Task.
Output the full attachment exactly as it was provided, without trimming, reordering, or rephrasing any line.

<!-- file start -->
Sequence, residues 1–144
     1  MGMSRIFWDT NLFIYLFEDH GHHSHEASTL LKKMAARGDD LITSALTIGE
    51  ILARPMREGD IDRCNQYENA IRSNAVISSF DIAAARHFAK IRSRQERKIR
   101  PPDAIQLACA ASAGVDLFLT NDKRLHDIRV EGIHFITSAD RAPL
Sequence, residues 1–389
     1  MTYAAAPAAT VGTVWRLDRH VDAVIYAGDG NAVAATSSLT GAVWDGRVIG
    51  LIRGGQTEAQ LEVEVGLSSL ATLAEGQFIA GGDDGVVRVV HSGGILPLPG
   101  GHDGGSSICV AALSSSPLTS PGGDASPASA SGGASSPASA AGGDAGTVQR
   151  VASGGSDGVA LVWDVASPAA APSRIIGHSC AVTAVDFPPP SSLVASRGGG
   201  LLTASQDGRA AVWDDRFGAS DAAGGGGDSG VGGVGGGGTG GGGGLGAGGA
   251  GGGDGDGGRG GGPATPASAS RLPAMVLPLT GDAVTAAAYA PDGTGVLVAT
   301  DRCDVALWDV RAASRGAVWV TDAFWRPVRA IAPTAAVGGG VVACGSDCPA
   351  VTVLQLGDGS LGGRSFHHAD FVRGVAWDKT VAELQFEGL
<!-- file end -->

Sequence, residues 1–144
     1  MGMSRIFWDT NLFIYLFEDH GHHSHEASTL LKKMAARGDD LITSALTIGE
    51  ILARPMREGD IDRCNQYENA IRSNAVISSF DIAAARHFAK IRSRQERKIR
   101  PPDAIQLACA ASAGVDLFLT NDKRLHDIRV EGIHFITSAD RAPL
Sequence, residues 1–389
     1  MTYAAAPAAT VGTVWRLDRH VDAVIYAGDG NAVAATSSLT GAVWDGRVIG
    51  LIRGGQTEAQ LEVEVGLSSL ATLAEGQFIA GGDDGVVRVV HSGGILPLPG
   101  GHDGGSSICV AALSSSPLTS PGGDASPASA SGGASSPASA AGGDAGTVQR
   151  VASGGSDGVA LVWDVASPAA APSRIIGHSC AVTAVDFPPP SSLVASRGGG
   201  LLTASQDGRA AVWDDRFGAS DAAGGGGDSG VGGVGGGGTG GGGGLGAGGA
   251  GGGDGDGGRG GGPATPASAS RLPAMVLPLT GDAVTAAAYA PDGTGVLVAT
   301  DRCDVALWDV RAASRGAVWV TDAFWRPVRA IAPTAAVGGG VVACGSDCPA
   351  VTVLQLGDGS LGGRSFHHAD FVRGVAWDKT VAELQFEGL